Thursday, 5 July 2012

Happy Independence Day

Happy Independence Day to my American readers and friends.




 If I had been around in those days I would most likely have been a Loyalist and emigrated to Canada (see my recent post on monarchy), but we've long since buried that hatchet, haven't we? Fighting side by side through two world wars and numerous lesser conflicts has sealed the bonds of friendship in blood. And there is much to admire and learn from in the American character and ethos, past and present. For all the criticism the US garners, some of it no doubt justified, at its best it remains a beacon of light and hope in this world. So, enjoy your holiday my friends and celebrate your highest ideals! (Yes, I know this post is dated 5th July, but we are c. 3/4 day ahead of the US, where 4th July celebrations should be in full swing)

The following article from the WSJ provides some historical background to the Revolutionary War: 
 "Almost every American knows the traditional story of July Fourth—the soaring idealism of the Declaration of Independence, the Continental Congress's grim pledge to defy the world's most powerful nation with their lives, their fortunes and their sacred honor. But what else about revolutionary America might help us feel closer to those founders in their tricornered hats, fancy waistcoats and tight knee-breeches?Those Americans, it turns out, had the highest per capita income in the civilized world of their time. They also paid the lowest taxes—and they were determined to keep it that way." Read it all here.

8 comments:

joel in ga said...

Thanks for your kind wishes. Did you ever read De Toqueville's Democracy in America?

Mark Henderson said...

Joel,
Yes, many years ago I picked up a yellow pb copy in a second hand bookshop in Brisbane where I get many of my books from. They have been in business for nearly 30 years and have literally millions of books in stock but are not on the 'net, so one actually has to visit & wander through the stacks - I hope this arcane institution can stay afloat in these book devaluing times. But I digress!.

It is interesting to apply de Tocqueville's observations on equality and individualism to Australia, which has hitherto adopted a via media between British traditionalism and American individualism. Collective thinking & action thus has an honoured place in Australian history, although this is coming under increased pressure today.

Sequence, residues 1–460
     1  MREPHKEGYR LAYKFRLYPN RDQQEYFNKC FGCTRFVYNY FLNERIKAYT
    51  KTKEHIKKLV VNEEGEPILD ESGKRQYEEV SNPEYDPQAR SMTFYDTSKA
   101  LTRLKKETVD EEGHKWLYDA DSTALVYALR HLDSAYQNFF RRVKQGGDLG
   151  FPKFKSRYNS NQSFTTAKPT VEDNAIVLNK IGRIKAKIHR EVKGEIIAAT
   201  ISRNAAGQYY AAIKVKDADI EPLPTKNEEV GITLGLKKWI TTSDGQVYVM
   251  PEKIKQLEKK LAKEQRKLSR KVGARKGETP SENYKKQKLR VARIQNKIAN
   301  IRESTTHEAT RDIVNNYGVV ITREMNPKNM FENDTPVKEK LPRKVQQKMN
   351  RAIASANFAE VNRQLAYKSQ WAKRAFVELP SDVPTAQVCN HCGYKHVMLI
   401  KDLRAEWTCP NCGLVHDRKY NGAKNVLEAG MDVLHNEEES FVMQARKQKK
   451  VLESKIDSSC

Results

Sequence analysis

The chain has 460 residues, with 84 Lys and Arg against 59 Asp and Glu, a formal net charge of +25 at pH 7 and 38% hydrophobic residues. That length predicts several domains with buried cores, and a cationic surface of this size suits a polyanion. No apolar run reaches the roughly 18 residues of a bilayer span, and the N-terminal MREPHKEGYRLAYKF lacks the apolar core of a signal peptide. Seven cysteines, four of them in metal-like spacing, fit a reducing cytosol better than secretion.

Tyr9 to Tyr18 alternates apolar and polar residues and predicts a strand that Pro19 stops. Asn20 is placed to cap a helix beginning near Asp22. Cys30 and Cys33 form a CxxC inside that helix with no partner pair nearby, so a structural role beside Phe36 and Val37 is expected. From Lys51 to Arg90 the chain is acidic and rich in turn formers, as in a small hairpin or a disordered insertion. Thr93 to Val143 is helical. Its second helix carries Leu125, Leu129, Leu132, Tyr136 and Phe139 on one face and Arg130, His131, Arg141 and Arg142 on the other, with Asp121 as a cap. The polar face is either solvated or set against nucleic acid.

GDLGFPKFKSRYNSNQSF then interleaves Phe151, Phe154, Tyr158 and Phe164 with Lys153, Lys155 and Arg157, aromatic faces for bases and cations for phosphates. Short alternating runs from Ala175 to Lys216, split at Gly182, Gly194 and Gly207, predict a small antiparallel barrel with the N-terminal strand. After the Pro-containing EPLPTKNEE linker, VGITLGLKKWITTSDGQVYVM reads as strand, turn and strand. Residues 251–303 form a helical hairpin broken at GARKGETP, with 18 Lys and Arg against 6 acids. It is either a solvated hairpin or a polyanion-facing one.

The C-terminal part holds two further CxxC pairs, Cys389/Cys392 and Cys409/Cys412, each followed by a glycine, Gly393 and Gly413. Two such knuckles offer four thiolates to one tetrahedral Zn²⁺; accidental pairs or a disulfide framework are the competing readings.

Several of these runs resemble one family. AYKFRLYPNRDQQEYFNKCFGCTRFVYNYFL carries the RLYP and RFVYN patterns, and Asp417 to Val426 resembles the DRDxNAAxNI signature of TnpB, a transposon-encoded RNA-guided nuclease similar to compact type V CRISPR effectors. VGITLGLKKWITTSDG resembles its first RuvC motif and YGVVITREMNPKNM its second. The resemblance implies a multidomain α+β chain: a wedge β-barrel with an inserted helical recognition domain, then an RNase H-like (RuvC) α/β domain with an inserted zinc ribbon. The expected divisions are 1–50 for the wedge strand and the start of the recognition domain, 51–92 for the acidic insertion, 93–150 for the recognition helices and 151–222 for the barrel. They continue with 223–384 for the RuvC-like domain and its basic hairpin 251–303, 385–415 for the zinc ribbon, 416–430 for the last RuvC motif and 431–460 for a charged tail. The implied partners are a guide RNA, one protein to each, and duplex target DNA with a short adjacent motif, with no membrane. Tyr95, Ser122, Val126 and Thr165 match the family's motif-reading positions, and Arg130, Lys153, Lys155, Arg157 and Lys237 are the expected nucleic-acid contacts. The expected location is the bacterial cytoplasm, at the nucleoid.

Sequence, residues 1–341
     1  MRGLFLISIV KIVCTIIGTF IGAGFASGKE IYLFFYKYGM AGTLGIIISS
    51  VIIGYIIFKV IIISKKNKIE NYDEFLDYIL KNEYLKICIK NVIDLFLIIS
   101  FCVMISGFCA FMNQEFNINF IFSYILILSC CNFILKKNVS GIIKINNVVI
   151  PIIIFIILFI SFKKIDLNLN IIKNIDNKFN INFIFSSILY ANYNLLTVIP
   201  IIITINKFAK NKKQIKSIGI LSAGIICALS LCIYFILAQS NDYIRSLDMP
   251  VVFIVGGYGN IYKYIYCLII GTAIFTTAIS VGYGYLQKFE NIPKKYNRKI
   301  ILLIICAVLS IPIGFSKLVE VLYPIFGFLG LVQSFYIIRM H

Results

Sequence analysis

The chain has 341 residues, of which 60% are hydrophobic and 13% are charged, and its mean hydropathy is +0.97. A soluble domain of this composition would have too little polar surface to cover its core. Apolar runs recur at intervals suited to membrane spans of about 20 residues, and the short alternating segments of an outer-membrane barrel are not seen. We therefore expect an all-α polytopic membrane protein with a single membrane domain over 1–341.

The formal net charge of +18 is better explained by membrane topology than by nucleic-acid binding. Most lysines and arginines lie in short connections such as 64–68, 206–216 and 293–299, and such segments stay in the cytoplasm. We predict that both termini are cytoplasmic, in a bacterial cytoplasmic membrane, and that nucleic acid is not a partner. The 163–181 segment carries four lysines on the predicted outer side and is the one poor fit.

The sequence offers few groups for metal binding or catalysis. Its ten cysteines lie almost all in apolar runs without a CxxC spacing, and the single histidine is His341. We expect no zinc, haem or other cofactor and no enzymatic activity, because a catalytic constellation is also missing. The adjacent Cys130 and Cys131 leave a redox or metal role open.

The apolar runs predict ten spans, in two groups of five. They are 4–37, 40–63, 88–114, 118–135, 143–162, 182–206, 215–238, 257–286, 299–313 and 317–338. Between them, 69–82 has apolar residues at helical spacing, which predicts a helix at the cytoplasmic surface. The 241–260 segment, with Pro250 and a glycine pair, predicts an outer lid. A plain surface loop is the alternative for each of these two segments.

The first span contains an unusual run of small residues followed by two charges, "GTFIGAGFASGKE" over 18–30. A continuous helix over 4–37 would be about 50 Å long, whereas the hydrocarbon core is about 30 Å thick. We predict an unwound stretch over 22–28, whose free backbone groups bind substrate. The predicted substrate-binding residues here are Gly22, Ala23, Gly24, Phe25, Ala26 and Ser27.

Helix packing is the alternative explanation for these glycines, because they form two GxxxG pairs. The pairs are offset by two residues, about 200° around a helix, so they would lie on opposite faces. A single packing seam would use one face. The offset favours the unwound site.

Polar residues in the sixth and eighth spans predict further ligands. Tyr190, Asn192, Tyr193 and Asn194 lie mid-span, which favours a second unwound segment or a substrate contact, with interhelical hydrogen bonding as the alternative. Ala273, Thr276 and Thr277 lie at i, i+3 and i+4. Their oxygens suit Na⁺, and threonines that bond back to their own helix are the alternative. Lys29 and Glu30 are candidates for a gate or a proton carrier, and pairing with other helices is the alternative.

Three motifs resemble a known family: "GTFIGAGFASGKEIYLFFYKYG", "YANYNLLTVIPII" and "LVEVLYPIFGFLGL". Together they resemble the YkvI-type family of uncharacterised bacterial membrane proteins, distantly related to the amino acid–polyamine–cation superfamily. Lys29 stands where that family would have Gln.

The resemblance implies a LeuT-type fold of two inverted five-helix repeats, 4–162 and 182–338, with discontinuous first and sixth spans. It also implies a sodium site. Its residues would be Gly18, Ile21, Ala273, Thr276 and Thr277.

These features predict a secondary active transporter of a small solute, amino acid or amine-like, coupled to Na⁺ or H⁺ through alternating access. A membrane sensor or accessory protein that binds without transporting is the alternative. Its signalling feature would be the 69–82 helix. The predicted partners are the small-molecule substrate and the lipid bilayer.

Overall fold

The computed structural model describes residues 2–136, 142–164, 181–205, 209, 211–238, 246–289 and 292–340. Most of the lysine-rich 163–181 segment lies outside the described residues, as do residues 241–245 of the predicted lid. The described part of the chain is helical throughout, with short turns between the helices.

The civil sphere of life is now disappearing along with the consensus of values (derived from religion) which made it possible, leaving only the individual and the increasingly coercive state as the main features on the landscape of society. I think this stage is a precursor to some form of Fascism, although that is not yet inevitable.

Melanchthon said...

You will be gald to know that Henry Melchior Muhlenberg, the patriarch of American Lutheranism, remained a loyalist all his life.

His journal entry for July 4, 1776:

Today the Continental Congress openly declared the united provinces of North America to be free and independent states. This has caused some thoughtful and far-seeing melancholici to be down in the mouth; on the other hand, it has caused some sanguine and short-sighted persons to exult and shout with joy. It will appear in the end who has played the right tune. This remain...s as a comfort to believers: There is One who sits at the rudder, who has the plan of the whole before him, to whom all power in heaven and on earth is given, and who has never made a mistake in his government. He it is who neither sleeps nor slumbers and who has asked his people to pray, “Hallowed be thy name, thy kingdom come, thy will be done."

Mark Henderson said...

Now that's interesting, Jon. I knew of Muhlenberg, of course (his Journal is on my wishlist), but not that he was a Loyalist, although it makes sense given the traditional attachment of European Lutherans to monarchy. But wasn't his son a general in Washington's army? I wonder if that caused any dissent within the family?

Melanchthon said...

Yes. His son was a well regarded general, and there is a painting hanging in the Gettysburg Seminary of him throwing off his clerical robes to reveal his uniform:

http://explorepahistory.com/displayimage.php?imgId=1-2-28C

I actually used them as an illustration of how division over politics does not need to lead to a division in faith. As far as I know, they remained on good terms. Not all loyalists had to flee the U.S.

Mark Henderson said...

Fascinating! I believe that was quite a dramatic moment when he announced he was going off to fight. Not sure if I can approve, though - should clergymen take up arms? And should they take up arms against the God-ordained monarch (no matter how bad a king he was)!. Well, I guess its academic now. I hope to visit Gettysburg and the seminary one day.

Melanchthon said...

Luther was pretty clear, in his comments about Zwingli's death, that clergymen should not take up arms!
“Zwingli drew his sword. Therefore he has received the reward that Christ spoke of, ‘All who take the sword will perish by the sword’ [Matt. 26:52]. If God has saved him, he has done so above and beyond the rule."

Mark Henderson said...

And God in his mercy saved Muhlenberg Jnr, both on the battle field and, we pray, unto eternity.